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Mood sours as euro zone economic growth slows while Italy stagnates

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Mood sours as euro zone economic growth slows while Italy stagnates

Mood sours as euro zone economic growth slows while Italy stagnates
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Alessandro Bianchi(Reuters)
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By Francesco Guarascio and Jan Strupczewski

BRUSSELS (Reuters) - The euro zone economy grew less than expected in the third quarter as the public mood turned darker, with signs of distress in Italy highlighting concerns that the bloc's third-ranked state is becoming one of its weakest links.

Tuesday's data, suggesting the slowdown has further to run, will make uncomfortable reading for the European Central Bank as it moves towards ending in December the programme of asset purchases it introduced in 2015 to boost inflation and economic growth.

Economists said the quarterly growth dip to 0.2 percent from 0.4 percent in the second quarter was unlikely to change those plans, though it might push back the date of the ECB's first post-stimulus hike in interest rates.

"We expect the ECB to stick to its plans to end asset purchases this year, but the recent run of weak data suggests that the bank will stress that policy tightening will depend on the incoming figures," Jessica Hinds, economist at Capital Economics, said.

Tuesday's preliminary flash GDP reading from European statistics office Eurostat, which sent the euro <EUR=> to an intraday low against the dollar, was worse than expected.

Economists polled by Reuters had expected a 0.4 percent rise in the 19 countries sharing the euro. The 0.2 percent reported was the lowest growth pace in more than four years.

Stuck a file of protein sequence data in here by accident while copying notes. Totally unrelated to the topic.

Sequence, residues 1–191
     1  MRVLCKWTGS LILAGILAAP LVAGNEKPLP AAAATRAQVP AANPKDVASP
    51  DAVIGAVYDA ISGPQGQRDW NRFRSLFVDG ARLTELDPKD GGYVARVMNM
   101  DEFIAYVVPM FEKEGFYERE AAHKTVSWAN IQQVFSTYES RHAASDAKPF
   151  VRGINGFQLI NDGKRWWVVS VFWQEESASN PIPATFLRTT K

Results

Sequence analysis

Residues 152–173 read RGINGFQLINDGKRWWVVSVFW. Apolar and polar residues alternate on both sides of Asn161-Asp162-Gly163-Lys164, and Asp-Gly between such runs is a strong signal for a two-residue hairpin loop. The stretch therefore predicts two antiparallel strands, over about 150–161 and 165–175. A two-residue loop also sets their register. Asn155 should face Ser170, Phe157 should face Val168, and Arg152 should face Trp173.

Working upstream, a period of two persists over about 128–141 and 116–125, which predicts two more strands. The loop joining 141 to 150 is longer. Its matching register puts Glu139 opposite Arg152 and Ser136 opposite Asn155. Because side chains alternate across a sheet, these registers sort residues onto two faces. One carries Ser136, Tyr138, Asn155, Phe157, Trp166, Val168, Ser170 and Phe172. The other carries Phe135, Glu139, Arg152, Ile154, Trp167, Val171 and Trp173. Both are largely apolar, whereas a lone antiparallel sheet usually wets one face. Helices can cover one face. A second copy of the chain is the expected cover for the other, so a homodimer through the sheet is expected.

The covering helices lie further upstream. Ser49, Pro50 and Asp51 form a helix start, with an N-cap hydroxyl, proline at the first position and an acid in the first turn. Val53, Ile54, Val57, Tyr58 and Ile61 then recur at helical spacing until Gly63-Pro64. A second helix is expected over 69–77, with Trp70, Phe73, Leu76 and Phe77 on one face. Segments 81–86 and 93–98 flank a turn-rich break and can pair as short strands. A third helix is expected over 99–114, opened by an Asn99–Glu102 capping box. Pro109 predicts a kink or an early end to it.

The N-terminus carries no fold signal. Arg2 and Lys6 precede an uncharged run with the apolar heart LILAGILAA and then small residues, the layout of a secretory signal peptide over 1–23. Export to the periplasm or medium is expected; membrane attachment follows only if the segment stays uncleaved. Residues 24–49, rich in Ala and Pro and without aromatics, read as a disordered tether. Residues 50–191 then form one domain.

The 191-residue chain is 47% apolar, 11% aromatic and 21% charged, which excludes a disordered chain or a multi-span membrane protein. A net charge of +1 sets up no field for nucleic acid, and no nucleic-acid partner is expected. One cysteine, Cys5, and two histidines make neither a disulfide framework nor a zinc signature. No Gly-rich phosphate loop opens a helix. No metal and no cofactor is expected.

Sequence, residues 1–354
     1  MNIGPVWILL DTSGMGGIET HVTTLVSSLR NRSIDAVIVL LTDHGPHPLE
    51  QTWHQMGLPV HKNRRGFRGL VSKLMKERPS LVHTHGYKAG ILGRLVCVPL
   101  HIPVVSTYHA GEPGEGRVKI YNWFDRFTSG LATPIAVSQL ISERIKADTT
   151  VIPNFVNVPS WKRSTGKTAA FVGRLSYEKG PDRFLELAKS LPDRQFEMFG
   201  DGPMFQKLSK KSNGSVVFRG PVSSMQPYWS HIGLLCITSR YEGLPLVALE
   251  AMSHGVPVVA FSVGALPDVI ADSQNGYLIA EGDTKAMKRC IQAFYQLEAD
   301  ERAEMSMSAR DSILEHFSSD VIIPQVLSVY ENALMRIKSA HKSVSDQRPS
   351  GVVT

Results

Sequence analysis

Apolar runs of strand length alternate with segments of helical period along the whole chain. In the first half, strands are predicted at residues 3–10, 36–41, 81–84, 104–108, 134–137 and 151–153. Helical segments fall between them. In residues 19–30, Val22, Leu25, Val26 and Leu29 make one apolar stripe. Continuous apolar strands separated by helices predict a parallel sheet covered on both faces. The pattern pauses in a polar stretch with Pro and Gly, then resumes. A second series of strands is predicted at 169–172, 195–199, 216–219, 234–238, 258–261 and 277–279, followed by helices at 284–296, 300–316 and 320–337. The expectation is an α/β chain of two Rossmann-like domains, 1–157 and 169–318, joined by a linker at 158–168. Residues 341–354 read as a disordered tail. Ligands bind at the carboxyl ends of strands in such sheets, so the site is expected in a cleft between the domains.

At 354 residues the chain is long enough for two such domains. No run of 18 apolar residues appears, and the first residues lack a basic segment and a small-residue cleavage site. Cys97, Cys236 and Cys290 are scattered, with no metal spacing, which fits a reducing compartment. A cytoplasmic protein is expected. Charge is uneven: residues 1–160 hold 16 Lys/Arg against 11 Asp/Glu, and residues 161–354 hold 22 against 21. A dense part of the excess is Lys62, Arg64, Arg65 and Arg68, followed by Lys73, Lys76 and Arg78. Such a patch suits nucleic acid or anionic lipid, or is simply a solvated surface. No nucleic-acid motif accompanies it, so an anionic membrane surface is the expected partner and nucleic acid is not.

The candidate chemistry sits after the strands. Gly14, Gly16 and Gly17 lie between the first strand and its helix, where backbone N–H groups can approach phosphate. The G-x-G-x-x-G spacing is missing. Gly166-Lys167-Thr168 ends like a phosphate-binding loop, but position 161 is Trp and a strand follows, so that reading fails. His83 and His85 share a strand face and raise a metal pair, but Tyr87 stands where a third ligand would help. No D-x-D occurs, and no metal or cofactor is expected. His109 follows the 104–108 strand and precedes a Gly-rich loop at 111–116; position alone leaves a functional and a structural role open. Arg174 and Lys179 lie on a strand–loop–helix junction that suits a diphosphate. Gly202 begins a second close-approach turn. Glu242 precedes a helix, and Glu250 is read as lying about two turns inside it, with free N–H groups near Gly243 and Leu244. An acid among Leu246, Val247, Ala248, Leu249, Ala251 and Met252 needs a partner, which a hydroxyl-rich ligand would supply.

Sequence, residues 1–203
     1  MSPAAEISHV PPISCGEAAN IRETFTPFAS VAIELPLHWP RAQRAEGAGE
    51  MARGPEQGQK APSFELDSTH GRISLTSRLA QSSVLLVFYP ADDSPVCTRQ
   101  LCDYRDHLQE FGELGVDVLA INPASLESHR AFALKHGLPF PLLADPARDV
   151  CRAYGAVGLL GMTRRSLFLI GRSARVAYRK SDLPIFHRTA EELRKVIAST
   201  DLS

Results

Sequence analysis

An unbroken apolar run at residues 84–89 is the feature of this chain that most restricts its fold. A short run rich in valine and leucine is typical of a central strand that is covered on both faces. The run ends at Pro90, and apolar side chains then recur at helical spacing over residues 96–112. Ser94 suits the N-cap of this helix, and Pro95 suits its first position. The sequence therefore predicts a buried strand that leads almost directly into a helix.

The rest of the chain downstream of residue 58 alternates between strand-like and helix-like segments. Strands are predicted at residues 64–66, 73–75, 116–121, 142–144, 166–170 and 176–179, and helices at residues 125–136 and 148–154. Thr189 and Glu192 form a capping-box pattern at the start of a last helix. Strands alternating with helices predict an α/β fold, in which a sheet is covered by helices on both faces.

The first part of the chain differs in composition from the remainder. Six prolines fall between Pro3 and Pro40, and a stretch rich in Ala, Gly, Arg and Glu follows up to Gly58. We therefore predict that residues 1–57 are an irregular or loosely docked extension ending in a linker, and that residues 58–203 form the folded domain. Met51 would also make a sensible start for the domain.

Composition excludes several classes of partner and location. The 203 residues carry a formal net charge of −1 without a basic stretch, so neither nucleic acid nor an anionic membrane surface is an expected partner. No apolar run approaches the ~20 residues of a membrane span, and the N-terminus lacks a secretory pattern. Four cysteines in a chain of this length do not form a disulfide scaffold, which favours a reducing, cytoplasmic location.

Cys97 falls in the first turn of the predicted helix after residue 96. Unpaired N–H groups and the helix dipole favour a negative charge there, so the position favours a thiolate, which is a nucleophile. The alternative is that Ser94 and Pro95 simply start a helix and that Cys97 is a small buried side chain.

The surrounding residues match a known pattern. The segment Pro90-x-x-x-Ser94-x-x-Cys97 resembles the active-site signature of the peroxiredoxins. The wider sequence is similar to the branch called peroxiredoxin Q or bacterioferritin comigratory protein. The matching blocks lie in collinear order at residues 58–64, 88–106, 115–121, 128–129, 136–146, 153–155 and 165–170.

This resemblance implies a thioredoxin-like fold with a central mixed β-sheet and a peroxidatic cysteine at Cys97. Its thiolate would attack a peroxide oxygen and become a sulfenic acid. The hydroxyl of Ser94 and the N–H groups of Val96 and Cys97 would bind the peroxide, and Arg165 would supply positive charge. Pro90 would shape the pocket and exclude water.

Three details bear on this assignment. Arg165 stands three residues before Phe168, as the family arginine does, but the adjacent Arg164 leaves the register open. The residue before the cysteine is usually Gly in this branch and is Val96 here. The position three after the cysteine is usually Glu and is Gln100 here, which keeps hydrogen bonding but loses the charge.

Eurostat does not provide national data in its flash estimates, but figures from Italy's statistics agency ISTAT showed growth there stagnated in the third quarter, as the government pursues a war of words with Brussels over a 2019 budget draft that breaks EU rules.

"With budget discussions already tense between Rome and Brussels, this stagnation will only add to concerns," Bert Colijn, economist at ING, said.

Quarterly growth in France, the bloc's second biggest economy, also missed forecasts at 0.4 percent though growth accelerated, data from the INSEE statistics agency showed on Tuesday.

An estimate for Germany, the bloc's largest economy, is not yet available but economists foresee growth is likely to have slowed there too, although the country's jobless total fell in October and employment hit a record high in September.

Meanwhile, inflation in Germany's most populous regions accelerated in October to well above 2 percent, reaching the highest level in many years.

That compares with an ECB target of close to but below 2 percent, though Tuesday's German data was not harmonised to compare with other euro zone countries and did not strip out volatile elements such as oil prices, which have risen sharply in recent months.

That suggests price pressures will not be a major factor in shifting ECB decisions at this stage.

CONFIDENCE ON THE SLIDE

Of more concern to policymakers in Frankfurt will be indications that the bloc's economic slowdown could worsen in the final quarter.

The European Commission said on Tuesday that euro zone economic sentiment dropped in October for the tenth consecutive month.

The indicator of managers' and consumers' morale - which rose steadily in 2017 - fell to 109.8 points from 110.9 in September, its biggest dip since March though still above its long-term average.

In October the largest fall was recorded in retail services as managers held "much grimmer views on the present and expected business situation," the Commission said, and the indicator of selling price expectations dropped.

Confidence in industry and services also went down, while consumer sentiment improved slightly.

Morale fell in Germany, France and Italy while it grew in Spain.

In Italy the downward trend began in July, the month after a eurosceptic government took office in Rome.

Outside the euro zone, Britain recorded a slight increase of economic sentiment, driven up by more optimism in retail trade and services which more than offset a fall in industry confidence.

(Reporting by Francesco Guarascio and Jan Strupczewski; editing by John Stonestreet)

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